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The Last Silk Mill








The Last Silk Mill - Lonaconing

It's not often we come across a property that has a real chance of being saved. More often than not our work seems to serve as a final farewell to a place who's job is finished and time has passed. This silk mill is different - Our motivation is not to pay homage to a place which will soon be nothing but a memory, our aim here is to spread public awareness about a place that needs the help of as many people as possible, as soon as possible. At the end of this write-up you will find contact information, please help out if you can.

The concept for the Lonaconing silk mill was birthed in the early 1900's when a local banker by the name of Mr. Duncan Sloan overheard that the Klotz Throwing Company was looking for a suitable site for their new plant. Mr. Sloan approached the Klotz Company and offered his hometown of Lonaconing as a location for them to consider setting up shop. He cited the low cost of fuel and surplus labor force in the area as key points for consideration. The coal industry that drove the region had a very high layoff rate, and the mill would supplement wages and provide a more steady employment opportunity. Lonaconing was also easily accessible via railway, an important thing to consider when setting up industry in the early 1900's.

Within several short weeks a town meeting was held at the Evans Opera House in Lonaconing. The Klotz Throwing Company proposed construction of their new silk mill within the town, and the townspeople agreed to the plans. Ground broke for the new mill, August 13, 1905, and by the 1920's the mill employed over 300 people. Unfortunately, by the 1940's and 50's it became apparent that the old machines and relatively small mill proved no match for the much larger and modern facilities it was now competing with, and in 1957 the mill was forced to close. Burt Rowan, who worked at the silk mill during the 1940's had this to say about the silk mills role in the small town of Lonaconing, “It kept the bread and butter on a lot of people’s tables because of the coal mine strikes and other problems... it really helped.”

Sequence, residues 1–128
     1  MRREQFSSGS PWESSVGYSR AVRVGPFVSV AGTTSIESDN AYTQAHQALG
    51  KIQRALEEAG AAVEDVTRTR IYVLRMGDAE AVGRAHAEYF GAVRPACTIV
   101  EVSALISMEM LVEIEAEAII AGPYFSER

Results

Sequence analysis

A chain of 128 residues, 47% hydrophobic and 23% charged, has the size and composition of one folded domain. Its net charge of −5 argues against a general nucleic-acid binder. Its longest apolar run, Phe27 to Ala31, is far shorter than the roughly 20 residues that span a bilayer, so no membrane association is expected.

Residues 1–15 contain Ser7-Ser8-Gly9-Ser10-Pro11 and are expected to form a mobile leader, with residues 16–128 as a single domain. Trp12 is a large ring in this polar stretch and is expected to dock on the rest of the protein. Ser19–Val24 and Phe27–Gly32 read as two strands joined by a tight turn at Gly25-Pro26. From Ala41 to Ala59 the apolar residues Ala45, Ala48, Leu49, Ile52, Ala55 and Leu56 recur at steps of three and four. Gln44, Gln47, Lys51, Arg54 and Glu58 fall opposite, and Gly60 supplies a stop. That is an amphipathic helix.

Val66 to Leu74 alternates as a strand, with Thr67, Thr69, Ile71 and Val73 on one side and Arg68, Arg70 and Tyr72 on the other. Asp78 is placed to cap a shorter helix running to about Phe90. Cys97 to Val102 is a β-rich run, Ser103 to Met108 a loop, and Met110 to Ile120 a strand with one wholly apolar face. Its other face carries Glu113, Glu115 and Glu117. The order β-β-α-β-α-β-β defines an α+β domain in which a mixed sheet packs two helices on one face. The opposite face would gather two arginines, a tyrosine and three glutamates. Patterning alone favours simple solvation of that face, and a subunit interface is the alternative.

The mill sat unused, but secure until the 1970's, when it was privately purchased by a local resident who envisioned saving the old place for future generations. Today he is on his mid-seventies and still holds out hope for the slowing decaying mill. We have read several first-hand accounts of the mill, comparing it to a time capsule... but standing there, watching water flowing in though blackened ceiling boards, it looked more a tomb. The mill is dying, and without a new roof, there will be no hope of preservation. The elderly owner still comes to the mill regularly, taking time away from his wife who is suffering from Alzheimer's disease , to empty buckets of rain water out the third floor window. Being the last intact silk mill in the United States, it was placed on the Endangered Maryland list in 2007, but sadly no real assistance has followed. Some plastic tarping has been added as a temporary and partial solution, but without a new roof, all may finally be lost to history.

Here is a link which will bring you to the contact information for those serving in governmental positions in the town of Lonaconing. If you can, please reach out and see what can be done to help the old mill.

You can also contact the owner directly - Herb Crawford -  (301) 268-1168.







It was an eerie kind of silence which was found within the old mill, where once the whir of machinery was so common.





Funny how such mundane every-day items can seem so poignant.




Stacks and stacks of spindle crates.







Cubby holes where employees would store away personal belongings before their shift began.






Inside the state of the roof is apparent.








This is an older video of ours. When watching, you may notice that it has a different "feel" to it than our current-day films. This is because the style of our cinematography has progressed over time, and our equipment has changed and improved throughout the years. We have chosen to leave our older videos available for viewing online to illustrate the evolution of our work.